PART 1: acquiring the clay
There’s a *lot* of great clay around Oregon. I first started on this mission because I found some veins of perfect, thick, sticky grey clay on our land, and it just looked like what you’d buy in a bag from a craft supply shop.
I met a ceramicist once who argued that there is no hard line between mud and clay. Mud, or soil, always includes a certain proportion of clay particles. Soil is a composed of five ingredients: minerals, soil organic matter, living organisms, gas, and water.
That mineral component is the largest, and is divided into three size classes: clay, silt, and sand (Figure 1). The percentages of particles in each of these three size classes is what makes up the soil’s texture. Because of their size, those tiny clay particles make for a very dense, sticky substance.
If you want to produce something that is easy to work and is strong, you’ll want to look for a soil with a high clay content, and then do some filtering so that you end up with a greater proportion of those tiny particles.
Look for areas where water sits on top of the ground and doesn’t drain away easily. That’s a sign of a high clay content, because it suggests that the soil isn’t very porous. There’s usually somewhere between 8 and 18 inches of topsoil before a layer of dense clay, so if you’re digging for some reason, that’s a good opportunity to acquire some clay-rich soil. Here in Oregon, there is a lot of clay-rich soil, and I happen to have a piece of ground that got totally turned over recently, which has given me a great opportunity to access good clay. You can see that the section in the middle is grey and sticky-looking, and isn’t supporting as many plants as the areas around it!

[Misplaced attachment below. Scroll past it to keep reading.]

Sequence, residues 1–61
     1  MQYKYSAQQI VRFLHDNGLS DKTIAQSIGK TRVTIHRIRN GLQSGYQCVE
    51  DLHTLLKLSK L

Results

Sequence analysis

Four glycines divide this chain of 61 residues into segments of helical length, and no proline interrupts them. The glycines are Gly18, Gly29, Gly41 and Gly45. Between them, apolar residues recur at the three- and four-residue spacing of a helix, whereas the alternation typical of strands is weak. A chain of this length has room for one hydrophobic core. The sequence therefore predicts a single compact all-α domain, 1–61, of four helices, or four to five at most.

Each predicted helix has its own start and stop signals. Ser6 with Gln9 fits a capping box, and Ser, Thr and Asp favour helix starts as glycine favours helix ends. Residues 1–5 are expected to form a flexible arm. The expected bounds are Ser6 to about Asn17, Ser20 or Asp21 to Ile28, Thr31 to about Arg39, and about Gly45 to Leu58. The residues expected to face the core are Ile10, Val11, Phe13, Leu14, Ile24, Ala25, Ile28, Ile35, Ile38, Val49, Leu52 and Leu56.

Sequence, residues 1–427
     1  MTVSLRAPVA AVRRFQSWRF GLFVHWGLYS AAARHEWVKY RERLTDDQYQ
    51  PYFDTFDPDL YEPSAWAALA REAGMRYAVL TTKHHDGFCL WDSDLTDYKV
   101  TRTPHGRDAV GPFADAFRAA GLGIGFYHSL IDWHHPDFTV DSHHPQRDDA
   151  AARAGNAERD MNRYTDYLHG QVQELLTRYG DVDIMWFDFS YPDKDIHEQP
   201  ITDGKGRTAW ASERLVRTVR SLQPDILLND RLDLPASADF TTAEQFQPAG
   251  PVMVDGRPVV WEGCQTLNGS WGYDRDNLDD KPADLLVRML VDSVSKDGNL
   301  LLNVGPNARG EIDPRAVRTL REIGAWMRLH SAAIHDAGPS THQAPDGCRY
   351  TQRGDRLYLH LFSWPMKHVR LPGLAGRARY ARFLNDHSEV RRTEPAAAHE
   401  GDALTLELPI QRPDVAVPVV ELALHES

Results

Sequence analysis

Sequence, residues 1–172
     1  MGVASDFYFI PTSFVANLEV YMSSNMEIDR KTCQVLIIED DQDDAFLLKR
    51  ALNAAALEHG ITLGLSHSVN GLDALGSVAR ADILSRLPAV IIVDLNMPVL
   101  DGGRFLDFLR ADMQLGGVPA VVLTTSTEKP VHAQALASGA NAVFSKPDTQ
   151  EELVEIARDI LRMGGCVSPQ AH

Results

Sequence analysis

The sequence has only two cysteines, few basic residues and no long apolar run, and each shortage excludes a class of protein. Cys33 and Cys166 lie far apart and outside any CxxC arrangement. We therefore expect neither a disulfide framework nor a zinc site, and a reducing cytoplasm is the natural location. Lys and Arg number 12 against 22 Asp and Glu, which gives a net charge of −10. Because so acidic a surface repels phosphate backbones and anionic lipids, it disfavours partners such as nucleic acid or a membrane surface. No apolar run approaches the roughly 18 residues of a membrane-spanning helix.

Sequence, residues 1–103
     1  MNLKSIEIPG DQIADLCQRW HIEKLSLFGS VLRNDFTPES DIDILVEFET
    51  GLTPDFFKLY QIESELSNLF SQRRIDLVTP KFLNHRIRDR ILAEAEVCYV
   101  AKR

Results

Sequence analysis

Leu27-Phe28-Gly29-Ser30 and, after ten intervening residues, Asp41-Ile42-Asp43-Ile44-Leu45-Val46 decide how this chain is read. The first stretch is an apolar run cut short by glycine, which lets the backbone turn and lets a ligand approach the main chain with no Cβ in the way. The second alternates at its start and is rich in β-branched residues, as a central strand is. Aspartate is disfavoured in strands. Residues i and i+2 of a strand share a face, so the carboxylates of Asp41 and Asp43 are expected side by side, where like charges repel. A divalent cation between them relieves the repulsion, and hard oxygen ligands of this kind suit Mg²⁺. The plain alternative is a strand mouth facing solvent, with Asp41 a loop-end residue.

There are better and worse soils to start with, but actually I’ve had awesome success with quite different kinds. My stepdaughter found some amazing black mud on a hike and we gave that a try, and it was weird as anything to shape but it fired beautifully, with some obvious texture and some amazing red hues. If there’s a lot of organic matter in it that’ll give you problems (though we’ll get the biggest bits out in the next step), and the grey sticky stuff is the easiest to model with and will give the strongest results, but I encourage experimentation.